Now, I got it. And I talked with her every day, sometimes many times a day, as we usually do. Because I know how it is to have a crisis and feel like no one cares.

Apparently, this one person either didn’t know that, didn’t care, or just figured it didn’t matter.

What do you think of that, hm? Is that palatable in 2018? Have we come so low as that, where we can’t even reach out to those who need help and give them any support at a time of crisis?

See, friendship has duties and responsibilities. We don’t like to think that, because it sounds transactional. And being a friend should not be about anything transitory or transactional.

But you owe your friend kindness, respect, comfort when you can give it, a sympathetic ear, caring…honesty? And you owe it to them during the bad times, as well as the good.

You should never, but never, “ghost” out of the picture. That’s just wrong.

I’m sorry. Someone who does this, who “ghosts out” at a time like this, is not worth your time. They are not your friend. They have just shown their ill worth, their lack of understanding, their lack of empathy. And you don’t need them.**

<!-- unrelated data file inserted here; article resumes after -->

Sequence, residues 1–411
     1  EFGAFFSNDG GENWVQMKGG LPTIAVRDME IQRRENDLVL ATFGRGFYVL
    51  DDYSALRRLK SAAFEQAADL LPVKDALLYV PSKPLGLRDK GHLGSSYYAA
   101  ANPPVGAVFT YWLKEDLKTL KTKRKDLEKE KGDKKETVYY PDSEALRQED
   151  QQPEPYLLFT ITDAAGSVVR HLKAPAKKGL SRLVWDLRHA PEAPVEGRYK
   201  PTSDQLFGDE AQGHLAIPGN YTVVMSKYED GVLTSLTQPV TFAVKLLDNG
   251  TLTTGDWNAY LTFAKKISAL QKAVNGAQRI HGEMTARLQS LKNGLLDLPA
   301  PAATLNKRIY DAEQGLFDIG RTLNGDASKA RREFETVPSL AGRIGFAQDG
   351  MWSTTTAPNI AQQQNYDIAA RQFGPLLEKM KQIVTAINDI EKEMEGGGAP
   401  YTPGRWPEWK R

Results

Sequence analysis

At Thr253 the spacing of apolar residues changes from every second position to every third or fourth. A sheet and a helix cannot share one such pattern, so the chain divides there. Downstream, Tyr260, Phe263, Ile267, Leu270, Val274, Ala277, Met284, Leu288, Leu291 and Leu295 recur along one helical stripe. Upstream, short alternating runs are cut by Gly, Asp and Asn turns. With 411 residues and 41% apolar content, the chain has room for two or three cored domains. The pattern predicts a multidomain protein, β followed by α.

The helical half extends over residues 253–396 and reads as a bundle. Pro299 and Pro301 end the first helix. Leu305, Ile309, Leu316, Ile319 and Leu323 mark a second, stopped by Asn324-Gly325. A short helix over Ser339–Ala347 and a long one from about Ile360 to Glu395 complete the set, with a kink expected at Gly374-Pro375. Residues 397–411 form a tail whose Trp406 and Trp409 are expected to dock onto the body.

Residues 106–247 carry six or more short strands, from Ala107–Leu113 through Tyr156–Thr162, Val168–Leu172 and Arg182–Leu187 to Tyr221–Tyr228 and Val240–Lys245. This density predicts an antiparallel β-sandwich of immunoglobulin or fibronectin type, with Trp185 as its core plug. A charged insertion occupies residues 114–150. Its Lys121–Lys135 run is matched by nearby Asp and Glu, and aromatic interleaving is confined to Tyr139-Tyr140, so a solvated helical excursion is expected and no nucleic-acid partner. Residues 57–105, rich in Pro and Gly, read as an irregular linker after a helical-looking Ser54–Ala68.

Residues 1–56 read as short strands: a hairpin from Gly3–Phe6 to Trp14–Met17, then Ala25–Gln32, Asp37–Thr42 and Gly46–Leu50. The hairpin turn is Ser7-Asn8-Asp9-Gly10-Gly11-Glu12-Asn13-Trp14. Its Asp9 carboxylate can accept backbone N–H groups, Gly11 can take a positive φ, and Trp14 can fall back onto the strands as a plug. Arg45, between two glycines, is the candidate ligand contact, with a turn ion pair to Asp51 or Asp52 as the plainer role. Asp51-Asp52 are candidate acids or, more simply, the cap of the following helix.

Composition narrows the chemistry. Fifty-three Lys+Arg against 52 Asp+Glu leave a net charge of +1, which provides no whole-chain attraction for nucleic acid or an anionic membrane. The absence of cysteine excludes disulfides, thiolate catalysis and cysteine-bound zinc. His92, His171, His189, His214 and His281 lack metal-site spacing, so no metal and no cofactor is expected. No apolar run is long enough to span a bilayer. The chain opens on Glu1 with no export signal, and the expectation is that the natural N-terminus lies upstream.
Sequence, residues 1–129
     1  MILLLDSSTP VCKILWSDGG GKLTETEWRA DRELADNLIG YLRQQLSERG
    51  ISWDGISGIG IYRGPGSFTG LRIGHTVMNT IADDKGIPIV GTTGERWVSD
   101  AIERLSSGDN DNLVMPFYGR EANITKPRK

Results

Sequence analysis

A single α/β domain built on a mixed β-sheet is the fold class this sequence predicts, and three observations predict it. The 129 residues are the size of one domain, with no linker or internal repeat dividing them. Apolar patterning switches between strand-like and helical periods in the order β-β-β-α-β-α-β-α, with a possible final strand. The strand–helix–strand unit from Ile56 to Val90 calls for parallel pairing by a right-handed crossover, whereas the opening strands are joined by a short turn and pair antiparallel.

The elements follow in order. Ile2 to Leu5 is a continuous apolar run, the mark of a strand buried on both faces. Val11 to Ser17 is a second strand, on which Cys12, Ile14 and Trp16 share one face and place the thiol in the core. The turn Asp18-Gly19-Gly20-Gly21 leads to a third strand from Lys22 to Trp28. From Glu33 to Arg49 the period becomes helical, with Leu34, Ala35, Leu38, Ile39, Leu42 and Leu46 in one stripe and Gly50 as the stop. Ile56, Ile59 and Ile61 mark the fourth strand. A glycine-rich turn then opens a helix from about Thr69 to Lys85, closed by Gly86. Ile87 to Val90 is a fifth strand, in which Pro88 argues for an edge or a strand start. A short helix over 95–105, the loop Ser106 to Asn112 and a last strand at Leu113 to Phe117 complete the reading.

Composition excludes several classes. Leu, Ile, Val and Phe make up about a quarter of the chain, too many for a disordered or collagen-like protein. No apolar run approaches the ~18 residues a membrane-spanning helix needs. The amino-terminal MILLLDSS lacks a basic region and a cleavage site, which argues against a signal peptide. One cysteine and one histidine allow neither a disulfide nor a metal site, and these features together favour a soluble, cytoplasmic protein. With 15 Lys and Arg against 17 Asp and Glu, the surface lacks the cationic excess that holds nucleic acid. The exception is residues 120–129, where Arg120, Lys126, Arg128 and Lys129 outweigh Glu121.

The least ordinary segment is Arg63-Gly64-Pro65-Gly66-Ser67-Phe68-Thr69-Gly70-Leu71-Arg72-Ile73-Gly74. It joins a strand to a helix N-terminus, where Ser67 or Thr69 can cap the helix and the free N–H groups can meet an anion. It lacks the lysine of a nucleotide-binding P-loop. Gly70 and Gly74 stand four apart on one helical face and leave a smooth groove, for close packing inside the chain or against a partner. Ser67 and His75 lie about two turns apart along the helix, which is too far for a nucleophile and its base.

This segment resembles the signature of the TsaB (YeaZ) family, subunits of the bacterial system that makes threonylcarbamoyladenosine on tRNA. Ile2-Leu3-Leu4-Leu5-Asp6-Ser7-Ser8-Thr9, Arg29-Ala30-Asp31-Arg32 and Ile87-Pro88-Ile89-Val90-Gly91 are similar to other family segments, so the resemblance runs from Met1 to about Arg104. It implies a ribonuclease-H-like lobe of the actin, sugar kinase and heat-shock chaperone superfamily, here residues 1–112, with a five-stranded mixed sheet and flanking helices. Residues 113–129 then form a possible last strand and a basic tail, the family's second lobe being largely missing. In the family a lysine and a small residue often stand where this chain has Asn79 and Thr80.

So, what should you do instead?

Even if you are under major stresses yourself, you should at least tell your friend you are rooting for her. (Or him.) And that you care. And that you want to know how the surgery goes.

Anything less is ridiculous.

What other duties do friends have? Tell me about them in the comments!

————

**If someone does this to you, I can only hope that this person, down the line, will have that happen to him as well. (Karma can be a mother.)

**And if you have done something like this, and didn’t realize it, you should make amends. Pronto. (‘Nuff said.)